CINCINNATI—Magician and stage illusionist James Partington found magic and inspiration in classical Chinese dance on Thursday, as he took in Shen Yun Performing Arts at the Aronoff Center.
James Partington, who performs under the name Magic Donovan, has practiced magic on stages around the world for the past 40 years. He was at the Feb. 7 evening Shen Yun performance with his stage assistant Nina, and said the experience was wonderful.
“[The show was] amazing, the colors, the costumes and the routines were just awesome,” he said.
“It was just breathtaking, it was gorgeous,” added Nina. “It was one of the most creative things I have ever seen.”
Mr. Partington was particularly captivated by Shen Yun’s digitally animated backdrops, which add context and color to each story-based dance, and are perfectly timed with the dancers to appear as if they can jump in and out of the screen.
“I thought that was awesome, it was a nice concept and [I want to] figure out how to use that in my shows,” he said.
“I thought that was a really nice touch, the artwork shows up on the screen and how it was animated—I like that a lot, that was one of my favorite parts.”
Nina added the split-second timing it took for the performers to create the illusion of jumping into the digital screen was impeccable.
“That was unbelievable—I was just blown away by it, it gave me chills,” she said, adding she appreciated learning about traditional Chinese culture through dance.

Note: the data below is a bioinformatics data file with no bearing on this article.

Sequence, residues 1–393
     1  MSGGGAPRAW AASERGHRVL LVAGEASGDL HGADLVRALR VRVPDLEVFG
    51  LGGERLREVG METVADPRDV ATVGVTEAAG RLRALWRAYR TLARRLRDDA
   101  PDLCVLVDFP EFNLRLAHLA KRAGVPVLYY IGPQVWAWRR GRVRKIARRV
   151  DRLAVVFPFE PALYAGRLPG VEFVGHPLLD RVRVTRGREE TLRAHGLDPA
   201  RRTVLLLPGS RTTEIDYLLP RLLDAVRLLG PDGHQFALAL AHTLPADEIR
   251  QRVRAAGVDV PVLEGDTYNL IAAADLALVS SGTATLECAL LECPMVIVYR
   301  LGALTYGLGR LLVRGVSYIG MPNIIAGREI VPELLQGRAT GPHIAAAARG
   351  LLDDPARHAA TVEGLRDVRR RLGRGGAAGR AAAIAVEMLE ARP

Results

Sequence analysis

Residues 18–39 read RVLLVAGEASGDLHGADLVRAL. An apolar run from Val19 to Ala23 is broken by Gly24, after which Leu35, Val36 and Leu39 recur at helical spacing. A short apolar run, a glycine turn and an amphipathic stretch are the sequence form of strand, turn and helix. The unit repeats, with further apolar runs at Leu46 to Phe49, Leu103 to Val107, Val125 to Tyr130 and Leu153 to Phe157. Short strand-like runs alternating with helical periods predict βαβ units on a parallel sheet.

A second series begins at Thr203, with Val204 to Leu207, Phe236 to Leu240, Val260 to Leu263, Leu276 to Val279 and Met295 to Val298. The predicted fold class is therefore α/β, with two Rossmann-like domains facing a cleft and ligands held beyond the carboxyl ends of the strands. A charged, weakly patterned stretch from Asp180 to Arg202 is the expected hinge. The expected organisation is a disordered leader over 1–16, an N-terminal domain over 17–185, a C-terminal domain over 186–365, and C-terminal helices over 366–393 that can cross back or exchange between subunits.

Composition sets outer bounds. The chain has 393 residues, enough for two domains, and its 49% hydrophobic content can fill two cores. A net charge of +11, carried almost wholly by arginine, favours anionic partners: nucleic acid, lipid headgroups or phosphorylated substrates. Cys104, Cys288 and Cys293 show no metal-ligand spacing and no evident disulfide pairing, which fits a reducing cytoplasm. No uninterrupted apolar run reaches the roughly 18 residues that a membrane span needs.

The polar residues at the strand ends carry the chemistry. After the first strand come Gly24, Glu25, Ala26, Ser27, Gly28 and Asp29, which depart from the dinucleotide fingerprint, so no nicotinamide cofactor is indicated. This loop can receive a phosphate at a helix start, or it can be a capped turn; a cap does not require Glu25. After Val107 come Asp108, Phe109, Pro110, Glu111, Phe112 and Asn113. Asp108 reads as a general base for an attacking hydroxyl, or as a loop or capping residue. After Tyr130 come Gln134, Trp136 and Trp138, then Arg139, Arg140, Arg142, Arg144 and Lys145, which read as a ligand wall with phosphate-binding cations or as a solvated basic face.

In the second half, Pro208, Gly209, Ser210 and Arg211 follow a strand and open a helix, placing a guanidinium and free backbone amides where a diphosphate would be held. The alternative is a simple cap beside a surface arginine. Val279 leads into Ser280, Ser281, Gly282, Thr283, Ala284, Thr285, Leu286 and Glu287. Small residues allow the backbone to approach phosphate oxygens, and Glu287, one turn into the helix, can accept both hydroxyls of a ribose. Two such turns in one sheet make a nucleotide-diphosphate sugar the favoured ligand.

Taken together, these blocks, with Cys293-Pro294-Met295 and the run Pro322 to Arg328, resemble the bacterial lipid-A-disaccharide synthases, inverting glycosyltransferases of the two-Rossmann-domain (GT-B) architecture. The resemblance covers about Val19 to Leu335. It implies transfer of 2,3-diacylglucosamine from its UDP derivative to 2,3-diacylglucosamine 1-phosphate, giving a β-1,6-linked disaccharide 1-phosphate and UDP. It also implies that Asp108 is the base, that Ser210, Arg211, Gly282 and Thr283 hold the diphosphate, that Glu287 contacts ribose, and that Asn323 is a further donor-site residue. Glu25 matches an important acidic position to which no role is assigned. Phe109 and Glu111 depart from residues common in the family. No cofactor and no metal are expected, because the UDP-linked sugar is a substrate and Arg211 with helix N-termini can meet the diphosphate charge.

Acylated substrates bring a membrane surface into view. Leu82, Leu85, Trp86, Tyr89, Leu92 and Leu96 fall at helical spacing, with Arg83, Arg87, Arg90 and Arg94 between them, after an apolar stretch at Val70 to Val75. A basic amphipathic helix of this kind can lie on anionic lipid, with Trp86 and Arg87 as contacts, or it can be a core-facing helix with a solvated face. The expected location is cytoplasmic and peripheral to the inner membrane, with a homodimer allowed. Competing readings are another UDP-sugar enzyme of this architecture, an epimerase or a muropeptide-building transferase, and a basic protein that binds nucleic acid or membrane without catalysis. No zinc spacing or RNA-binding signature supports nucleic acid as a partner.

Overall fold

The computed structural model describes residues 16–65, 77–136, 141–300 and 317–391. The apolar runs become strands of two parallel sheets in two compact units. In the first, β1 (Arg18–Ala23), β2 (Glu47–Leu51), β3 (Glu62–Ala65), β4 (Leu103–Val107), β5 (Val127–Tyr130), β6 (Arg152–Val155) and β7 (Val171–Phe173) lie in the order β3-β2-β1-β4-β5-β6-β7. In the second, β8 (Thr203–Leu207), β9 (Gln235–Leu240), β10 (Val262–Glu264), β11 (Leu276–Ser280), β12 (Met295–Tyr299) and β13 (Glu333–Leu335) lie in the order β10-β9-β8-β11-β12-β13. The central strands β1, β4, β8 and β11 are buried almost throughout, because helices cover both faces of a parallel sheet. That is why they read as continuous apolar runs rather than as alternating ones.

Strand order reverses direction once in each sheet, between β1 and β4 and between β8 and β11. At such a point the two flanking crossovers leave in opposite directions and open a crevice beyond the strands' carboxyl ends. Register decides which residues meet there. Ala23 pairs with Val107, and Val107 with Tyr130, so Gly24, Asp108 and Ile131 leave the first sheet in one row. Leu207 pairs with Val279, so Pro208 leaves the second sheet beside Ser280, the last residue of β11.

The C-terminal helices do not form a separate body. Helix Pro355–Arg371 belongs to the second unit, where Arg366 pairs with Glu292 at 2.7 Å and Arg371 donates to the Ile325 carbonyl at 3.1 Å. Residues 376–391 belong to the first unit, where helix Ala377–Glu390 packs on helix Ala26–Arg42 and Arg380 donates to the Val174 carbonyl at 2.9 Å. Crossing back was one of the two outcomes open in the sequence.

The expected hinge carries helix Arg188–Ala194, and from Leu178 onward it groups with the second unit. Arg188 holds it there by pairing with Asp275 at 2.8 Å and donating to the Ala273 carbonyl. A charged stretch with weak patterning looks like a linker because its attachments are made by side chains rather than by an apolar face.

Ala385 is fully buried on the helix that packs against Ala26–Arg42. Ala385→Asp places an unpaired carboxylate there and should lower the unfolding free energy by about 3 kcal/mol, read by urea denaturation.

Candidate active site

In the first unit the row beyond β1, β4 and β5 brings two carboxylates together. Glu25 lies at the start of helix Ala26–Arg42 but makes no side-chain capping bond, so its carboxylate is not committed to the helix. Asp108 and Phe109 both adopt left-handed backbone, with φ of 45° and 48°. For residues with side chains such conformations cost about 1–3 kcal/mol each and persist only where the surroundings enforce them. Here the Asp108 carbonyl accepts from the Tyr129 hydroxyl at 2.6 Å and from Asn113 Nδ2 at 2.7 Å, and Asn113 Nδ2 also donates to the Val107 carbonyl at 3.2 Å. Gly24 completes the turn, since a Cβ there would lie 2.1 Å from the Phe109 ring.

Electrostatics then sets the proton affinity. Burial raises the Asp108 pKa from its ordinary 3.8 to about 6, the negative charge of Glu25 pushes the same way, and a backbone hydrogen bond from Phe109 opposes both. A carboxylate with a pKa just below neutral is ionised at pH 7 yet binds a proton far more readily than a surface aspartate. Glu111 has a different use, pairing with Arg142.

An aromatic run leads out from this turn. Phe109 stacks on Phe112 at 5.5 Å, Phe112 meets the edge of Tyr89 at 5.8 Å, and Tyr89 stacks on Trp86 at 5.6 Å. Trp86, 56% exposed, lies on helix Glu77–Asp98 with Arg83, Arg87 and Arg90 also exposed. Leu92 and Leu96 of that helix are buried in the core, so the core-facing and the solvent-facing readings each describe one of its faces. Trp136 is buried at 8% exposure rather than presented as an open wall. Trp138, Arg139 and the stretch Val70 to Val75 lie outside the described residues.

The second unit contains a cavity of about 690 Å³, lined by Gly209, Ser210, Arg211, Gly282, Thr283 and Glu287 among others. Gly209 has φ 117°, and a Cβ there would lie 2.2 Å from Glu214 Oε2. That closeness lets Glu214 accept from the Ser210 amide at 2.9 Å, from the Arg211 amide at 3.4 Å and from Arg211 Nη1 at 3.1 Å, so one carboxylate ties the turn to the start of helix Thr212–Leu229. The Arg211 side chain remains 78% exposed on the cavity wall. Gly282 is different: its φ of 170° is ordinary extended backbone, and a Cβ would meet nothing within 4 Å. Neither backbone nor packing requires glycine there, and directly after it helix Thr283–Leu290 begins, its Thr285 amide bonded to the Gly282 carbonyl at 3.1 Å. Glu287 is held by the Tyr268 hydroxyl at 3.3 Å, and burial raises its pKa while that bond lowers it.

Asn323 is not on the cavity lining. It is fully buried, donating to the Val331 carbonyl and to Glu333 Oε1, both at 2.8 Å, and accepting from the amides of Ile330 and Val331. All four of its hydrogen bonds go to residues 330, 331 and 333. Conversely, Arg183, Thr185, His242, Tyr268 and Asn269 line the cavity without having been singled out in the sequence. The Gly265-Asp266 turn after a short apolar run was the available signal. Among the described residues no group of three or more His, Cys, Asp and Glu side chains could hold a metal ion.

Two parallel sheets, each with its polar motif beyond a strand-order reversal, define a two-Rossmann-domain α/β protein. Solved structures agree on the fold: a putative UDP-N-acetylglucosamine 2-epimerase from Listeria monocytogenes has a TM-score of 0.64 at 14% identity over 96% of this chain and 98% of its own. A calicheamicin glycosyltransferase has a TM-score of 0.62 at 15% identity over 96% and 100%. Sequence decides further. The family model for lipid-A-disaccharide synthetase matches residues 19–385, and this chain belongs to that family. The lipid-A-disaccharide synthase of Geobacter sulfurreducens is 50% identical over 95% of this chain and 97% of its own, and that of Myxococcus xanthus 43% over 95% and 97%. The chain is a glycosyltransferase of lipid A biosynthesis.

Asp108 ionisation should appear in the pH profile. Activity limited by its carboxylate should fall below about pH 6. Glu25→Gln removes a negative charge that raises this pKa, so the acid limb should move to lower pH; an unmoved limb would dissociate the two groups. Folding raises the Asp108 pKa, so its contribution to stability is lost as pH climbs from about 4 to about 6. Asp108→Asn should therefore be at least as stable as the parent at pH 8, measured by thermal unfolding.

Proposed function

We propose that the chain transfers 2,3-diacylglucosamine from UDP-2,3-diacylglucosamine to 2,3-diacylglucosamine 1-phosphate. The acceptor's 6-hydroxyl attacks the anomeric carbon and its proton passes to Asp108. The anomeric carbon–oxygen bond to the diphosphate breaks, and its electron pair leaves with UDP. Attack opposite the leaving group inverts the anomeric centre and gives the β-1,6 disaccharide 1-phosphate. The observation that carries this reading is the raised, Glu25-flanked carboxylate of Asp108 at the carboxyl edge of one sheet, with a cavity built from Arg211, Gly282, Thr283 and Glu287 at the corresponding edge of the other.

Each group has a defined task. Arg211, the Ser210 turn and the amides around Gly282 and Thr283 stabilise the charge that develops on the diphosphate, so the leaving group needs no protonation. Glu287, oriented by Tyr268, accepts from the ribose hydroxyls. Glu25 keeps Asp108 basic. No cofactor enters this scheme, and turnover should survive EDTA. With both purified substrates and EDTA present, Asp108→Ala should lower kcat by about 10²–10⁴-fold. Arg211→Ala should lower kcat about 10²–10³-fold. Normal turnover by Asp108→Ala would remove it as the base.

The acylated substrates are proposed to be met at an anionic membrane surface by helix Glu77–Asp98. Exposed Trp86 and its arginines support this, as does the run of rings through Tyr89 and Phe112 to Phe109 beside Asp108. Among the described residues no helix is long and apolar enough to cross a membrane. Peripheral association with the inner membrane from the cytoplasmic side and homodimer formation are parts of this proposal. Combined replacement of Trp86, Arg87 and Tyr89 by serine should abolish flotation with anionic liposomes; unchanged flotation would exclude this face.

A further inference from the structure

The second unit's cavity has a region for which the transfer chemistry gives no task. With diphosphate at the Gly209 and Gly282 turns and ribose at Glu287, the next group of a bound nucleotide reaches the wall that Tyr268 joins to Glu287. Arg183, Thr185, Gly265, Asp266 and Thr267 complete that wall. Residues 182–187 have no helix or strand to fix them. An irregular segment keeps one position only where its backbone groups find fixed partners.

“I like that artistic form and the traditional dance.”
New York-based Shen Yun is a world-renowned classical Chinese dance and music company, with a mission to revivie 5,000 years of traditional Chinese culture. Formed in 2006, by overseas Chinese artists, the company has grown to include three dance companies and three orchestras, totaling some 300 artists. Every year the performance tours to around 20 countries and 100 cities.
Though it travels to nearly every corner of the world, Shen Yun cannot be seen in mainland China today, where traditional culture and art forms remain suppressed. A dance that tells a story of good versus evil in today’s China—the communist regime’s persecution of Falun Gong, a spiritual practice.
“I like that reality touch of the show,” said Mr. Partington. “It makes you think a little about it, what struggles other countries were going through and still going through so, it’s a good wake up call for everybody to look at—we need to do something about it.”
Nina adored the hundreds of handmade costumes featured in Shen Yun.
“They’re vibrant, I thought they were breathtaking—the way the costumes move with their movements,” she said.
“I just like the way the whole thing flows and how everything came together,” added Mr. Partington.
Mr. Partington said Shen Yun is entertaining for everyone.
“I highly recommend it, if anyone has the chance to check it out they should,” he said.
“Absolutely, it’s spectacular,” added Nina.
Reporting by Charlie Lu and Justina Wheale.
New York-based Shen Yun Performing Arts has three touring companies that perform simultaneously around the world. For more information, visit ShenYunPerformingArts.org
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